Livent Execs Facing Fraud Charges

From Bloomberg News

Livent Inc. founders Garth Drabinsky and Myron Gottlieb overstated revenue, falsified records and misrepresented the now-defunct Canadian entertainment company’s finances, Canada’s top securities regulator alleged.

The allegations laid out Tuesday by the Ontario Securities Commission include charges that Livent disguised loans as sales in transactions involving Dundee Realty Corp., American Artists Inc. and a unit of Canadian Imperial Bank of Commerce, the country’s No. 3 bank. Former Livent executives Gordon Eckstein and Robert Topol also were named in the allegations.

The commission will meet Sept. 11 in Toronto to set a date for a full hearing that could lead to lifetime trading bans for Livent, Drabinsky, Gottlieb, Eckstein and Topol, commission spokesman Frank Switzer said. The men also could be prohibited from serving as corporate directors.

Hollywood agent Michael Ovitz, who invested in Livent in 1998, filed a $36.2-million suit last month against Drabinsky and Gottlieb to counter claims that he was partly to blame for the company’s demise. Ovitz, who agreed to buy a $20-million stake in April 1998, has alleged he discovered accounting fraud.


Ovitz gained control of the company in June 1998, and Livent filed for bankruptcy protection that November.

In one of the transactions discussed in the allegations, Livent said it sold the British production rights to the plays “Show Boat” and “Ragtime” for $3 million to CIBC Wood Gundy in 1997. Gottlieb told the Toronto-based bank Livent would repurchase the rights within months and pay “some additional increment,” investigators allege.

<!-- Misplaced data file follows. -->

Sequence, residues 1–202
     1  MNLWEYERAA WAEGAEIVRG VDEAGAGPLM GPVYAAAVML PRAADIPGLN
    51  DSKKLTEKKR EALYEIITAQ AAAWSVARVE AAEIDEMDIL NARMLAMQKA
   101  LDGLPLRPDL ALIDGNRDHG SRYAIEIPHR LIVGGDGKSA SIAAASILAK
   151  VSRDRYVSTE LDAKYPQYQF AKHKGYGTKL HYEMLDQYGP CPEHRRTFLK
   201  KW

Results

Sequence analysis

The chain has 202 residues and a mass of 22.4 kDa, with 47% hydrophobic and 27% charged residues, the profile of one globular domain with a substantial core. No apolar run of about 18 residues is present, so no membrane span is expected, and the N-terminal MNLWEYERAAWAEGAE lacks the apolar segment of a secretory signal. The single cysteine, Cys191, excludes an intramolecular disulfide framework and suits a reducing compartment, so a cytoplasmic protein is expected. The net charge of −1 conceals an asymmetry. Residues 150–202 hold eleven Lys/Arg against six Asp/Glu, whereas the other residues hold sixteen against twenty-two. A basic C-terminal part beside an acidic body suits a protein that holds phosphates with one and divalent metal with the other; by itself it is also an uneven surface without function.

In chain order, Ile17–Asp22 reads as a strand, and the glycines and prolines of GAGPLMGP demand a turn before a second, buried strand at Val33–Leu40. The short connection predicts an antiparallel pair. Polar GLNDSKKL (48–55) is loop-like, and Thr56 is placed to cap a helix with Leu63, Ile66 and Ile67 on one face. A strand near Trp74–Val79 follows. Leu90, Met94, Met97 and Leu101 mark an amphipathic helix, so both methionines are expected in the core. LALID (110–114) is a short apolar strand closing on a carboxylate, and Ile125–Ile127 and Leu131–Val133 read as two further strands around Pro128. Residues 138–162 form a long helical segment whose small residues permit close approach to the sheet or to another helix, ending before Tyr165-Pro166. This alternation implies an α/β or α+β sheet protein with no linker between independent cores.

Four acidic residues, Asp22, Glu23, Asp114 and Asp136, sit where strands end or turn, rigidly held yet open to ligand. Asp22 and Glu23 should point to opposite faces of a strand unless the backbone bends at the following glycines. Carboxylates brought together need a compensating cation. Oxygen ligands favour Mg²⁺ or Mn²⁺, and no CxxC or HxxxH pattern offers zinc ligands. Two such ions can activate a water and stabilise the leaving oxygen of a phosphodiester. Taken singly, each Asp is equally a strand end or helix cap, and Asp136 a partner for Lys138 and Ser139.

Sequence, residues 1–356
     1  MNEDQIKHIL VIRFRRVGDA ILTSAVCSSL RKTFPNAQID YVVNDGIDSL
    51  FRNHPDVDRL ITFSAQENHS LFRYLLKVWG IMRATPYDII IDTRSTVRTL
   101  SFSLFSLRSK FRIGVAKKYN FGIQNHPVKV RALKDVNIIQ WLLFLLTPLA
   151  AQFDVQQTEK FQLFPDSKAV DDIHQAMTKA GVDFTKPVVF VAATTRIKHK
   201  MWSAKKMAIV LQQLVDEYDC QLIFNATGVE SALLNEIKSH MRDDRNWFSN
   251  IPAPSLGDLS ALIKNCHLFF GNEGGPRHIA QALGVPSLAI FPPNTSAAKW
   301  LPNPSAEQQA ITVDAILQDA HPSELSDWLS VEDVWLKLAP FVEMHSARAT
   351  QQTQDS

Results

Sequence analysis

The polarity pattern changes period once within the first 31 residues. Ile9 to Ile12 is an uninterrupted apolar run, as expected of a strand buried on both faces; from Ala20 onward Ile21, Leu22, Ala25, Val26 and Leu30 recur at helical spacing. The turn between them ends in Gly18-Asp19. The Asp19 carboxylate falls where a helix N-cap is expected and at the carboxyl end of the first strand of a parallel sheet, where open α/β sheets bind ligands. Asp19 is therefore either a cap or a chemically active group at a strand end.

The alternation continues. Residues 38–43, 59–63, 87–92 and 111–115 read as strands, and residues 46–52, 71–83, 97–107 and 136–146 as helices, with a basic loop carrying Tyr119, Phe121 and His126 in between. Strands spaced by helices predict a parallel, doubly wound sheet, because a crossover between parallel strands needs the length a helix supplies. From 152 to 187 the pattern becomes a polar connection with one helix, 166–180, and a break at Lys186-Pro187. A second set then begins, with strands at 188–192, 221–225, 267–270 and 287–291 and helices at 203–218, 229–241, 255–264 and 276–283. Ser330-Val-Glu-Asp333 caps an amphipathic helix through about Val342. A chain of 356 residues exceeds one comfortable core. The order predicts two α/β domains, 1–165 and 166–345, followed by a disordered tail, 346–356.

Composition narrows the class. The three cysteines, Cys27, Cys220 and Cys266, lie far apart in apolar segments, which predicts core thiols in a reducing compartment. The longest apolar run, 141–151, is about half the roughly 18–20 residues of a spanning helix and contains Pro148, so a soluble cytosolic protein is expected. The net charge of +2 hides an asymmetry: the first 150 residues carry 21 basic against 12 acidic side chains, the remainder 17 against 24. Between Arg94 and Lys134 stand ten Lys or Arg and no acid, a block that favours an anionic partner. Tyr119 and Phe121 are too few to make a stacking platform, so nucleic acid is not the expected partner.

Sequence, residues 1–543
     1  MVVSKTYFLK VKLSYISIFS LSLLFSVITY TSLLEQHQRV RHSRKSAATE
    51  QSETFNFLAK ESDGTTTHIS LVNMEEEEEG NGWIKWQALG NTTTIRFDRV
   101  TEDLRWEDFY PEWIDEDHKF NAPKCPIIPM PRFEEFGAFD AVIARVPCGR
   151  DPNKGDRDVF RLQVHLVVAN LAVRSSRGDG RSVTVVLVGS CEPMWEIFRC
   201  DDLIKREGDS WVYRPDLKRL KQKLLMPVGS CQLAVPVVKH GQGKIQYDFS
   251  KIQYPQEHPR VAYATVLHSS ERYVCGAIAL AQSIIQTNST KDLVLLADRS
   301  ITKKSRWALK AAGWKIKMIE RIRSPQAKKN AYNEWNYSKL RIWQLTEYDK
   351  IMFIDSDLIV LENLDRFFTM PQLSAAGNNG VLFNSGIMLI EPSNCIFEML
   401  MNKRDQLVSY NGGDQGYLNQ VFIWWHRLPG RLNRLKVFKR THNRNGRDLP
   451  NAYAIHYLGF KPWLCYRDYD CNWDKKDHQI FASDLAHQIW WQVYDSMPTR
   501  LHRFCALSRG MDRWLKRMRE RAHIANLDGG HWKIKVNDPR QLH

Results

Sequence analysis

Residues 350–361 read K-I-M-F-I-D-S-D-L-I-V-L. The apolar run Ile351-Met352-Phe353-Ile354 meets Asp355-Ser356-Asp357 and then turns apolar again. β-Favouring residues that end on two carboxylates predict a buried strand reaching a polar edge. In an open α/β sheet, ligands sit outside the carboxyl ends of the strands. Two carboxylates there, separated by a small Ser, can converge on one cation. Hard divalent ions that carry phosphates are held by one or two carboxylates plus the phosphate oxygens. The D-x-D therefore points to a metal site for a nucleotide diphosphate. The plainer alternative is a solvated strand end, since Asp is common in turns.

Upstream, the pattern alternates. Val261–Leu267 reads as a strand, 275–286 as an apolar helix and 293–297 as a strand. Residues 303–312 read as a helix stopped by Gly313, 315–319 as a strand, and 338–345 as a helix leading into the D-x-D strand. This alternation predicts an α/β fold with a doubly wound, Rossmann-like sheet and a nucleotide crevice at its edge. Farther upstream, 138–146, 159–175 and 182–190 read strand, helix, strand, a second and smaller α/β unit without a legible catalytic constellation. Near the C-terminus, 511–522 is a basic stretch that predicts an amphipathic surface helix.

Such so-called side deals attached to the transactions required Livent or its affiliates to reacquire the assets or to make payments comparable to the amount received by Livent on the asset sales, the commission said.

Investigators accuse Livent of modifying its accounting computer system to allow changes to general ledger entries that would leave no audit trail, of maintaining separate accounting documents to keep track of actual results that differed from results released to the public, and of directing accounting staff to manipulate Livent’s books to improve “the presentation” of its financial results.


In November 1998, Livent publicly released restated results for 1996 and 1997. The move resulted in the dismissal of Drabinsky and Gottlieb.